10.    Imām Ibn al-Bazzāz al-Kurdari al-Hanafi (827 AH)
11.    Imām Badr ad-Din al-‘Aini al-Hanafi (855 AH)
12.    Imām Ahmad bin Muhammad al-Qastalāni (923 AH)
13.    Mullā ‘Ali al-Qāri (1014 AH)
14.    Shaykh ‘Abd al-Haqq Muhaddith of Dehli (1052 AH)
15.    Shāh ‘Abd al-‘Aziz Muhaddith of Dehli (1229 AH)
16.    ‘Allāma Ibn ‘Abidin Shāmi (1306 AH)
17.    ‘Allāma ‘Abd ar-Rahmān Mubārakpūrī (1353 AH)

The second statement: application of the decree of rebellion to Khawārij

1.    Imām A‘zam Abū Hanifa (150 AH)
2.    Imām Shams ad-Din as-Sarkhasi (483 AH)
3.    Hafiz Ibn Hajar al-‘Asqalāni (852 AH)
4.    Imām Ahmad Radā Khān (1340 AH)

Reasons of hadith Imāms about consensus on killing the Khawārij

1.    Qādi ‘Iyād al-Māliki (544 AH)

2.    ‘Allāma Ibn Taymiyya (728 AH)
3.    Hafiz Ibn Hajar al-‘Asqalāni (728 AH)

Great reward for the troops fighting against the Khawārij terrorists

4.    Ibn Habirah

The standpoint of ‘Allāma Anwar Shāh Kashmiri and ‘Allāma Shabbir Ahmad ‘Uthmāni about the Khawārij

Section 4: Today’s terrorists are Khawārij

1.    Condemnation of the supporters of Khawārij
2.    Research work by Ibn Taymiyya about perpetuation of Khawārij
3.    The terrorists are the Khawārij of our times
4.    Important juristic issue: calling Khawārij as terrorists is based on the Qur’ān and Sunna, not independent reasoning

Chapter 8: Peaceful Way of Struggle in a Muslim State

1.    The Qur’ānic command to bid good and forbid evil
Collective struggle for commanding good and forbidding evil
2.    The command to bid good and forbid evil in Prophetic traditions
Three grades of preventing evil
The meaning of preventing evil physically
3.    Political and democratic struggle against injustice and oppression

Chapter 9: Call for Reflection and Reformation

IFANCA responds to rumors about halal certification at Cargill/Better Beef Plant

July 23, 2009 by · 1 Comment 

By Ayub Khan, MMNS

CHICAGO, IL— In response to rumors circulating in USA, Canada as well as on the internet, the Islamic Food and Nutrition Council of America [IFANCA]  has issued a statement assuring  halal consumers and retailers that all its certified products meet the strictest of Halal criteria and can be consumed without any doubt.

“IFANCA’s procedures have been approved by a team of Islamic scholars and scientists who have developed a very stringent & independently verifiable halal authentication system, in all of its certified plants including Cargill’s Better Beef Plant. IFANCA’s slaughter methods are as close as practically possible to the traditional Islamic method of slaughter, where at least three out of four vessels are precisely cut, while also meeting the Canadian food safety requirements.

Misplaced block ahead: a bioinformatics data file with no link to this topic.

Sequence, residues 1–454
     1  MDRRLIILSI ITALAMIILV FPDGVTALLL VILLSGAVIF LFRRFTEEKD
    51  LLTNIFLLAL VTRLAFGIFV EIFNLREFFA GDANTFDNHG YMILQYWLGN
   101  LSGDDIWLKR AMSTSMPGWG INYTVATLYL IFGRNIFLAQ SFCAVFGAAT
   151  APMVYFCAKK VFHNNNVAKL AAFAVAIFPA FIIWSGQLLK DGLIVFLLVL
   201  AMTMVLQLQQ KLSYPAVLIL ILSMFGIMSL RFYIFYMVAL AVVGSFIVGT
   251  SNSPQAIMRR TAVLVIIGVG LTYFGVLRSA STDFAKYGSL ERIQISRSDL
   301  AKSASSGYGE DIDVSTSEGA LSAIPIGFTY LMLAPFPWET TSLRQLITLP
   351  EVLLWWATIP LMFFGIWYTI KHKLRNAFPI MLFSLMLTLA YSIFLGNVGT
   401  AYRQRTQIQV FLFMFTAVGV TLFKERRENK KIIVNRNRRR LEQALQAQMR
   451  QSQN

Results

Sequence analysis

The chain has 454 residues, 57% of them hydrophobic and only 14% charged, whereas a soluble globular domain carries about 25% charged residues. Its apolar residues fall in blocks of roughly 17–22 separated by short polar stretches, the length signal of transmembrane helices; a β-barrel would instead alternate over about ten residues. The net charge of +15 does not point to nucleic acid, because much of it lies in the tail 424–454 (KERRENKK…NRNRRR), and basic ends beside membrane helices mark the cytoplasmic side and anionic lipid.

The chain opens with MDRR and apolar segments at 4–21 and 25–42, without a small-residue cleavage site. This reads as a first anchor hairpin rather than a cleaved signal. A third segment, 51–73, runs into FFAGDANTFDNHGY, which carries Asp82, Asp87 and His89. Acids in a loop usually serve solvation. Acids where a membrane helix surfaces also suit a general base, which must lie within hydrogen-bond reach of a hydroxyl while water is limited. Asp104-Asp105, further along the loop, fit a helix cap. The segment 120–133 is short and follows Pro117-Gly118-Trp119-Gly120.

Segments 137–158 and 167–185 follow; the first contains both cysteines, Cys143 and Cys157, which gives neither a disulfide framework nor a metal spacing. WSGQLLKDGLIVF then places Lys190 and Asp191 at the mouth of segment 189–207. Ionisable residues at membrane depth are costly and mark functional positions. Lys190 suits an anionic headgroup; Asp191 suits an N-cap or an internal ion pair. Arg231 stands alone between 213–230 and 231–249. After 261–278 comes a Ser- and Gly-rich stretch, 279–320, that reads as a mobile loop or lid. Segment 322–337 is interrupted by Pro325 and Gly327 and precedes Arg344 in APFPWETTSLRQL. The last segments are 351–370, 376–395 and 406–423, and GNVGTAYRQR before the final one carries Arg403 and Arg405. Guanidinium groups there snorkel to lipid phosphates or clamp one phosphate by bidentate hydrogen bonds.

All cattle are slaughtered by specially trained Muslim slaughter men, who are supervised by IFANCA inspectors, the statement reads.

The press release states that the claims by a group which say that the IFANCA approved animal slaughter method do not meet the Islamic criteria are untrue. 

The group in a blog posting suggests that the vertical method of cut during the animal slaughter does not meet the Islamic criteria and that it goes against the scholarly consensus.

To the above allegation IFANCA replied, “First the cut at the Cargill/Better Beef plant is not vertical cut. It is modified horizontal cut. Secondly, The claim about the jurists being unanimous is baseless. There are several methods of slaughtering animals, generally practiced being cutting the throat to sever  four (4) passages, trachea, esophagus, jugular veins and carotid arteries. There is disagreement among the scholars even with the required number of openings to be cut. According to Imam Abu Hanifa all four are required to be cut. (Badai Al Sanaih, 6/41). According to his student Imam Abu Yusuf only one of the two jugular veins are required to be cut besides that of throat and windpipe. (ibid).  According to other scholars only cutting of the throat and windpipe is enough. (Sharh Muhazzab, 9/84). According to Imam Malik the windpipe and the two jugular veins are required to be cut in order for the animal to be halal. (Sharh Al Sagheer, 2/154). According to another reference, the Hanafi School’s ruling is that at least three of the four openings should be cut. (Nasab ul Raya, 4/185-86).  [This requirement of cutting at least three passages as well as complete draining of blood are met at the Cargill/Better Beef plant].”

“ The slaughter men trained by IFANCA are especially instructed in cutting the required number of openings leaving no doubt about this method of halal slaughter. Hence Cargill/Better Beef is halal and zabiha, as has been certified for over 10 years by the Islamic Food and Nutrition Council of America,” the statement reads.

11-31